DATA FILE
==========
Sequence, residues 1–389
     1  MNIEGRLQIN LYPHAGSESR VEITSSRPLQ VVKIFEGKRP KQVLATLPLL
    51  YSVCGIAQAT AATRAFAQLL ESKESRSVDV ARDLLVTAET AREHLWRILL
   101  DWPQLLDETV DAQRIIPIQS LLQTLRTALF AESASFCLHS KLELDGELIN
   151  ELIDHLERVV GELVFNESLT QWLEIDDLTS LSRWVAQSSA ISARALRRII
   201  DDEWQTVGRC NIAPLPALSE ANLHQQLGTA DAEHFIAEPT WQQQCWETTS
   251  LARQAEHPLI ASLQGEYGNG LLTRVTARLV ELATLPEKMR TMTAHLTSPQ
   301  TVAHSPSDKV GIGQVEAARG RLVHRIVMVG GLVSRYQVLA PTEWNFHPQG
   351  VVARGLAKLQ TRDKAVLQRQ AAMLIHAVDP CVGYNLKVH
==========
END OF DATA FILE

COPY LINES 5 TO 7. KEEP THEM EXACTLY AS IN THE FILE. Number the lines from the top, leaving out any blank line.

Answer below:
   151  ELIDHLERVV GELVFNESLT QWLEIDDLTS LSRWVAQSSA ISARALRRII
   201  DDEWQTVGRC NIAPLPALSE ANLHQQLGTA DAEHFIAEPT WQQQCWETTS
   251  LARQAEHPLI ASLQGEYGNG LLTRVTARLV ELATLPEKMR TMTAHLTSPQ